Knoxville teen, Katelyn Cook, doesn’t let her Down syndrome stop her from achieving her goals and advocating for others, reports 10News.
Cook, an AP student, author, musician, and advocate, wishes to normalize living with Down syndrome, and she plans on doing just that through her writing.
Cook has been writing stories for as long as she can remember.
“I’m actually working on a book right now that I need to finish. And I’m going back to some of my older ones,” she said.
She is now using her writing for advocacy.
“A lot of people though, like, I’ll tell them that I have Down syndrome and they’re like, ‘you can’t have Down syndrome. You don’t look like it.’ But that’s because I have Mosaic Down syndrome.”
Mosaic Down syndrome is diagnosed when only some of a person’s cells have an extra chromosome, not all of them.
This diagnosis is extremely rare. According to Down Syndrome Education, two or three in every 100 children diagnosed as having Down syndrome have the Mosaic type.
“A lot of times I feel certain ways, and a lot of people don’t,” Cook said. “I’m not coordinated. Really, I can’t balance to save my life. I can’t ride a bike or jump rope.”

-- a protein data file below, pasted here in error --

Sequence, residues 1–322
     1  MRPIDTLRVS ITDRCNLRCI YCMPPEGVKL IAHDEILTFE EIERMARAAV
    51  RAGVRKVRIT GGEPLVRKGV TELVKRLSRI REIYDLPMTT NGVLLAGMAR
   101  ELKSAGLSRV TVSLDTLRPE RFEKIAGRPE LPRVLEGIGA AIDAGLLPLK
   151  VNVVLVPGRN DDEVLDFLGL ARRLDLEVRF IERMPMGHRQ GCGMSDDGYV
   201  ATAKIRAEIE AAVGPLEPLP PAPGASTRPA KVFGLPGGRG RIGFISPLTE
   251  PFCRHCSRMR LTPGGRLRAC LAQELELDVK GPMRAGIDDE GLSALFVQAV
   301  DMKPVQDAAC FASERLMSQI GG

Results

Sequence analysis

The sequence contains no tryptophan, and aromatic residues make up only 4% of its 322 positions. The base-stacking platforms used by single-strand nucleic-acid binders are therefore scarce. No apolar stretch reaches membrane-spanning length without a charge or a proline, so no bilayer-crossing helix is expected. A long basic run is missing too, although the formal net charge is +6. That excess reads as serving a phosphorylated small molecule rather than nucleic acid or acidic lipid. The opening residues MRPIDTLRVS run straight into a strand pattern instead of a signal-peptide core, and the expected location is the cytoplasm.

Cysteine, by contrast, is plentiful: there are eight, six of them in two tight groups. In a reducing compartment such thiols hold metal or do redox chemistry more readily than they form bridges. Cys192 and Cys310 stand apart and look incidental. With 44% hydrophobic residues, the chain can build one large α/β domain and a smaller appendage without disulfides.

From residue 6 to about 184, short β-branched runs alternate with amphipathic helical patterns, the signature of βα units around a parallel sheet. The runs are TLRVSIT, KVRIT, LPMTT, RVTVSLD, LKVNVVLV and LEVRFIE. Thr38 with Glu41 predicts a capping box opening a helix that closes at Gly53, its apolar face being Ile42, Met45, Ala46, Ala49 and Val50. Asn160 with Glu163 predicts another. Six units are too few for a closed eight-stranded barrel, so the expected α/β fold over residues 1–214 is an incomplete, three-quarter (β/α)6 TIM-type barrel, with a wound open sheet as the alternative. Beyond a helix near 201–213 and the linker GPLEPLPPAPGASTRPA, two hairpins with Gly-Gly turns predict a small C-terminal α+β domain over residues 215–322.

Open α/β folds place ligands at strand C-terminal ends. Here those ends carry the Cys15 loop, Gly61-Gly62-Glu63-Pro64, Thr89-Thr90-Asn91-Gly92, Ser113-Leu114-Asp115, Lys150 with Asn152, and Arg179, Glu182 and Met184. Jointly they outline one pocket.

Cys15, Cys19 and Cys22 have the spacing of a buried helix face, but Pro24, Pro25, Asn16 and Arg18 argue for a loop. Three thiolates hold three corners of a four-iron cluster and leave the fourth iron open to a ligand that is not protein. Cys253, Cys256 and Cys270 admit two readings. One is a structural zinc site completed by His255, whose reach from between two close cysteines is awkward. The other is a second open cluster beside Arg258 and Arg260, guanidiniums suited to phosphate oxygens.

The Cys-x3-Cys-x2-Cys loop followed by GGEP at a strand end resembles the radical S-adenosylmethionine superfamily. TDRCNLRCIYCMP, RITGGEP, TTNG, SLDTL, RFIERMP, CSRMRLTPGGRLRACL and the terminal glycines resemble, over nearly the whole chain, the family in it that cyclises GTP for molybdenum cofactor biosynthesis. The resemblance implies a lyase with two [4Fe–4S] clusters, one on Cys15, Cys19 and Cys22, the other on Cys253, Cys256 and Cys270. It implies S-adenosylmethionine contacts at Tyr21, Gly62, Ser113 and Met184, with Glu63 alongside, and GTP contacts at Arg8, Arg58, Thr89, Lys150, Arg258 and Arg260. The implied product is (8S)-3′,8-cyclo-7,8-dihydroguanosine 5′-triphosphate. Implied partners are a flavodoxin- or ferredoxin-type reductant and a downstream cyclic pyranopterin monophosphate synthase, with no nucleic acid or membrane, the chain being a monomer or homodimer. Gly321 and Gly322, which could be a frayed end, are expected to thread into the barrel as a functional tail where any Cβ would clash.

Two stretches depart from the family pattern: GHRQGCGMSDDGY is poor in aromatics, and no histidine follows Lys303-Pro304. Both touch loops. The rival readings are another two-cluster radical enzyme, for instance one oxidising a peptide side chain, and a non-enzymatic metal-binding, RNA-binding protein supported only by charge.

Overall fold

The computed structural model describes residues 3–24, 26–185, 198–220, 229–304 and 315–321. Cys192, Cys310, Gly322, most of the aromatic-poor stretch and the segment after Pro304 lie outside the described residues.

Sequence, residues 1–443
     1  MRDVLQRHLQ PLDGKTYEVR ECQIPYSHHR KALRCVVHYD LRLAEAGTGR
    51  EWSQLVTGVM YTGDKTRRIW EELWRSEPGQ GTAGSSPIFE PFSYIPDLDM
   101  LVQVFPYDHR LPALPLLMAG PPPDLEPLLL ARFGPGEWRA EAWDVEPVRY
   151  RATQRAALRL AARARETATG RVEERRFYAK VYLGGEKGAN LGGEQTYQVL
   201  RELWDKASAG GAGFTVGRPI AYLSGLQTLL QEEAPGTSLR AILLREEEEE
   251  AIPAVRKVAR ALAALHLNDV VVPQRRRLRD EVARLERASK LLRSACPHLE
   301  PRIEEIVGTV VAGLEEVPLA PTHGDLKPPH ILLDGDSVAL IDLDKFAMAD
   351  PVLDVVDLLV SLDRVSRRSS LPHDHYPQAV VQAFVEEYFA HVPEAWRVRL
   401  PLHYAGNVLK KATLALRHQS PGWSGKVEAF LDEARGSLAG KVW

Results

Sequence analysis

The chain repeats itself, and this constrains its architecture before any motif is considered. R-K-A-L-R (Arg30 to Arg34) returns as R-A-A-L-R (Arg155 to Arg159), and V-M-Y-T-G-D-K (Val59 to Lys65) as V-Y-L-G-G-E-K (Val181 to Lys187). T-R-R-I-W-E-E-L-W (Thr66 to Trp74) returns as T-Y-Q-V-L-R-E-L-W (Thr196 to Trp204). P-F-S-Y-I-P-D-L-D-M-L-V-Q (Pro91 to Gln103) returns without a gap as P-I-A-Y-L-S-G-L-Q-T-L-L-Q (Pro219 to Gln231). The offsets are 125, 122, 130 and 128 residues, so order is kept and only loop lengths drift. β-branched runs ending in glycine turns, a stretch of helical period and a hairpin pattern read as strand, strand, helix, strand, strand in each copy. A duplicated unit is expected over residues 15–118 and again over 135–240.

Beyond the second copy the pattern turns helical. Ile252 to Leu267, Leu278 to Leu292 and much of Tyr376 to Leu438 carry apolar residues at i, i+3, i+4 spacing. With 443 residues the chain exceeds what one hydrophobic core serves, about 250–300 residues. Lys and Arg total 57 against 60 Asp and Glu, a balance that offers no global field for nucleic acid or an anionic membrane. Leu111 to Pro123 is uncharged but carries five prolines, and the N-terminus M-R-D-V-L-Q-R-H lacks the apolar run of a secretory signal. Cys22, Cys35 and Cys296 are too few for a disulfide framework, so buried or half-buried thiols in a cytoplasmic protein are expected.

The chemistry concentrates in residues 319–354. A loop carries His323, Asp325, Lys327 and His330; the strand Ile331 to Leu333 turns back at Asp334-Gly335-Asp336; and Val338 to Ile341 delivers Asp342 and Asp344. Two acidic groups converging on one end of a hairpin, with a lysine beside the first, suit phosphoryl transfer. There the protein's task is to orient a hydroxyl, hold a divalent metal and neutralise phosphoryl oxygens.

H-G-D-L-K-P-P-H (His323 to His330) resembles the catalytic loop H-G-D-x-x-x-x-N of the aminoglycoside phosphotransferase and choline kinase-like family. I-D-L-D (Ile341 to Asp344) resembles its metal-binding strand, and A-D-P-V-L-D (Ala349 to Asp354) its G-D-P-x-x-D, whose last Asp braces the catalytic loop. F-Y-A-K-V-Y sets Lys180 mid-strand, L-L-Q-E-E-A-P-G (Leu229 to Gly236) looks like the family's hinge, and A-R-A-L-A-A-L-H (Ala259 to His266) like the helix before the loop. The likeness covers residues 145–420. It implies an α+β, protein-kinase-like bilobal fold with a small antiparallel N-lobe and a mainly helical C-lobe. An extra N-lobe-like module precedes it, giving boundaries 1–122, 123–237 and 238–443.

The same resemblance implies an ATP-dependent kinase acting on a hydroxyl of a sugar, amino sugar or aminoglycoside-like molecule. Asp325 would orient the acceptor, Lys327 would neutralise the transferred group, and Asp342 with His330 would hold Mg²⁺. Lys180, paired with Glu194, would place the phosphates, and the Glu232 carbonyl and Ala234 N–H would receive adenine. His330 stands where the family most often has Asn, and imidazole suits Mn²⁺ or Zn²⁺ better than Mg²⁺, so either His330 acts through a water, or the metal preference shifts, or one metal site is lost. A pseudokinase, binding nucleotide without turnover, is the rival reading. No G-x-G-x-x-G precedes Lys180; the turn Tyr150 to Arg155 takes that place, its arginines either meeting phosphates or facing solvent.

There are several physical consequences as well, which results in many doctor appointments.
“The jaw problems didn’t start until I was older, but I’ve had ear infections since I was born. And I had sleep apnea diagnosed when I was like nine,” she said.
Cook will be having surgery to correct her jaw next month, which should also help with her sleep apnea.
Due to the high cost of the procedure, Cook has started a GoFundMe.
Despite all the challenges, Cook doesn’t view her Down syndrome as a negative.
“Honestly, I feel like you can live with a disability and still do whatever you want, as long as you do it in a way that works for you, even if you have to change some things,” she said. “It’s challenging, but it’s alright to acknowledge that you have a disability and are still living.”
Cook is using her writing to share her positive attitude.
“I’m trying to set an example for other teenagers to raise awareness for not only Mosaic Down syndrome, but for anything that can potentially make somebody’s life more difficult through writing or social media posts or everything,” she said.
Cook gives this advice to anyone living with a disability: “Don’t look at what everyone else is doing. Look at what you are doing and what you need to do to be able to do what you want to do.”
The South Doyle High School senior graduates this spring. She aspires to become a creative writing professor.